Transfiguration Sunday, which is today, always comes right before Ash Wednesday. As I reflect on Peter—and the way that he had been hoping for a triumphal, glorious Jesus, only to realize, perhaps, that the glorious Jesus was in fact the same as the dust-covered Jesus—I think maybe he unwittingly ushers us into Lent.
Because Lent is about shedding ourselves of our own skin. Like Peter, we too often get in the way of Jesus. What we really need to do is get out of our own way, so that Jesus can show us the way. When Jesus starts talking about losing ourselves, dying to ourselves, death on a cross, we respond like Peter, saying, “This cannot happen!” But according to Jesus, this must happen if we are to have life. The glory is not in success and triumph, in gain and getting our own way. These things keep us focused on ourselves; they make us small. The glory is in the dust—in touching the untouchables, in keeping the company of outsiders, in welcoming strangers, in forgiving your enemies and persecutors. It is these little things that make us, and the world, as immeasurably grand as love itself.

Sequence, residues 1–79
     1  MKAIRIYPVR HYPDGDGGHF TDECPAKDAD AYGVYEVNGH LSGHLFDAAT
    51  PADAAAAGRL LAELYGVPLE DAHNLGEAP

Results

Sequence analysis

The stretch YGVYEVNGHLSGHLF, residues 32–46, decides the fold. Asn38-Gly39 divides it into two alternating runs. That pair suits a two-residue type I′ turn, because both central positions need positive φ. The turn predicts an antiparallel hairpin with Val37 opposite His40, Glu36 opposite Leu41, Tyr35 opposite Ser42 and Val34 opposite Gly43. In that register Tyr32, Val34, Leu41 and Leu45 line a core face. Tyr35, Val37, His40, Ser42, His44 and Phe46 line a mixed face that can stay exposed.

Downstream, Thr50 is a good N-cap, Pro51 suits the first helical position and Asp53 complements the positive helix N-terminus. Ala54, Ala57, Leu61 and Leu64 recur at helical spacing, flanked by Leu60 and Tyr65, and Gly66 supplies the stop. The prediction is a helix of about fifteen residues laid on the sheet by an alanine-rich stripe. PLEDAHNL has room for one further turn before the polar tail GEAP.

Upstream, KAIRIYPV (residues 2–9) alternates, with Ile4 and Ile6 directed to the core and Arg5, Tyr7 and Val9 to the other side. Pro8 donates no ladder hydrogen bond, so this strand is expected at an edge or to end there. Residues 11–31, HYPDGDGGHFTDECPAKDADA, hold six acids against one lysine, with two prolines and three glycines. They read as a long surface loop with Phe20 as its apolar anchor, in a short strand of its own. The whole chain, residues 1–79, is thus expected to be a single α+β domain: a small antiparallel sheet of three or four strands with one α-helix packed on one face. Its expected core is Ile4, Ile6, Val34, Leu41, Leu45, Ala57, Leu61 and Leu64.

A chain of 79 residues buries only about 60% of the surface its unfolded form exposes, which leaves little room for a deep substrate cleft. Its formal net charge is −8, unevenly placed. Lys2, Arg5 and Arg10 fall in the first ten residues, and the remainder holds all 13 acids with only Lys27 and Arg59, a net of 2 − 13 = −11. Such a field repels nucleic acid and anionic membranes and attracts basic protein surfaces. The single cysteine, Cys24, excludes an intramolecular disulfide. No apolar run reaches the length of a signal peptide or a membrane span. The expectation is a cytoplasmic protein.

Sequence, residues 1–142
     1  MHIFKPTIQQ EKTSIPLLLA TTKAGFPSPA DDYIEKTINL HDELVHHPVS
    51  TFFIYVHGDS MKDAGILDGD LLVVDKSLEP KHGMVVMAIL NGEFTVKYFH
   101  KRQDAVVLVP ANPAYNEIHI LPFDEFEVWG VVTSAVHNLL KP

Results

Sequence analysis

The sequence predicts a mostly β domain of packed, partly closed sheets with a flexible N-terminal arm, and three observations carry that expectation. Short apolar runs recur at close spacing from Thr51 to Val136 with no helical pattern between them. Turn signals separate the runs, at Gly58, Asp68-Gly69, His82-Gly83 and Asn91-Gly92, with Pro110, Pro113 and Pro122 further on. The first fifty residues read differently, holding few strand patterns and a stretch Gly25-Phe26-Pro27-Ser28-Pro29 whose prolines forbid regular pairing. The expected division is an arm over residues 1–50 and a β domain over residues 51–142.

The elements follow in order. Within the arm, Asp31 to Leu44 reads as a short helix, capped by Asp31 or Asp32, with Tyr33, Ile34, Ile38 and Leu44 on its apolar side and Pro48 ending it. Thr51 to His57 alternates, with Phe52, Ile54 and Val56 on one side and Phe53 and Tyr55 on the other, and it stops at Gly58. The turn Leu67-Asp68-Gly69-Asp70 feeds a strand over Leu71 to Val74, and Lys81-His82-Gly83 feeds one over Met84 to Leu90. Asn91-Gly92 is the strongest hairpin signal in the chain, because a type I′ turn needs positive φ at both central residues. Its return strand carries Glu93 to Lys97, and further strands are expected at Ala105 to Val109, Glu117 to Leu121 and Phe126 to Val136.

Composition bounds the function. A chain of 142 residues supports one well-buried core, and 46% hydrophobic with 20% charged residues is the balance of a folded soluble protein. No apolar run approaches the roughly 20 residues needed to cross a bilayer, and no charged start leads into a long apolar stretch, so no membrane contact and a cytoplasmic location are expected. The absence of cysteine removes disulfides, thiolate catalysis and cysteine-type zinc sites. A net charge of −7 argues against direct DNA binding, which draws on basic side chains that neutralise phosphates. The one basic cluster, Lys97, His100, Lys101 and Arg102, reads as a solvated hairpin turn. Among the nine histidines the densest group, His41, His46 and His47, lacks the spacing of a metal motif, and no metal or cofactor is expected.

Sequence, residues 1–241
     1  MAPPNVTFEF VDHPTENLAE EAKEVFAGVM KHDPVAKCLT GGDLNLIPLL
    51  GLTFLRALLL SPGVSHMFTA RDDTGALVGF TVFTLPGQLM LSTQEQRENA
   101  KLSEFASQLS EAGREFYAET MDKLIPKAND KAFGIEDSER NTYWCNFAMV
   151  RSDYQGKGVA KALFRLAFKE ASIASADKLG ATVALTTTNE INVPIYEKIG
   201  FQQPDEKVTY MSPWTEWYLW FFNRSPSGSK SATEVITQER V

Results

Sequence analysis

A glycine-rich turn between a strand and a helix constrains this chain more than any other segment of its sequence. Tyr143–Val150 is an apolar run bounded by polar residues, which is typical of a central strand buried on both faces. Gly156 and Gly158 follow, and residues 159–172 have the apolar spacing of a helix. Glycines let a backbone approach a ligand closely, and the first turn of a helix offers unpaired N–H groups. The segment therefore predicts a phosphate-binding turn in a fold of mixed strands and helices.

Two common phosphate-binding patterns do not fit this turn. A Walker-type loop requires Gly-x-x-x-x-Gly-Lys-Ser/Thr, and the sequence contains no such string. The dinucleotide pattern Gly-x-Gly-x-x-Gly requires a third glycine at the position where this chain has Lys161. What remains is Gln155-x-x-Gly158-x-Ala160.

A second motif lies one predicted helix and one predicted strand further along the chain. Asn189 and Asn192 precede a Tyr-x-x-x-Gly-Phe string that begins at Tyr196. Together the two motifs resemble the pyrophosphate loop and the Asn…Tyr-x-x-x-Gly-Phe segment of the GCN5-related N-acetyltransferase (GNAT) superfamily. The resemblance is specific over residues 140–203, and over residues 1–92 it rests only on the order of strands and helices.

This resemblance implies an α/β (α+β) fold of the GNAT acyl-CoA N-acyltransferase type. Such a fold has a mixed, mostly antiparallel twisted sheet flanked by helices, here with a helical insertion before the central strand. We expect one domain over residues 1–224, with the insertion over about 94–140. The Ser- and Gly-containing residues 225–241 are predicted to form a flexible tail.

I’ve been reading recently about a great scholar, Henri Nouwen, who used to teach theology in the ivory towers of our Ivy League institutions. In the twilight of his life, he changed direction drastically. He entered into community with the mentally handicapped. In particular, he shared life with Adam, a man who could do very little more than lift his own spoon. But Henri writes so spiritedly of this experience, declaring that Adam taught him more than any book or teacher ever did. Adam showed him the way of a life where glory comes not in what you do or what you have or how you look to others. Glory comes in the little things that are shared together on the dusty surface of life, like eating breakfast together or washing up or walking together. Glory comes in the little things that incarnate God’s love and remind us we are loved simply for ourselves, and not for our achievements or appearance or possessions.
The transfiguration of Jesus is a vision. For a brief moment, we see what God sees. And God sees all the dust that covers Jesus for what it really is: the glory of love.
Whose love steps foot
Into the dirt of our world:
Divert us from our quest
And lead us into a love
Covered with the dust and glory
Of our Lord Jesus Christ. Amen.
 Henri J. M. Nouwen, Adam: God’s Beloved (Maryknoll, NY: Orbis, 1997).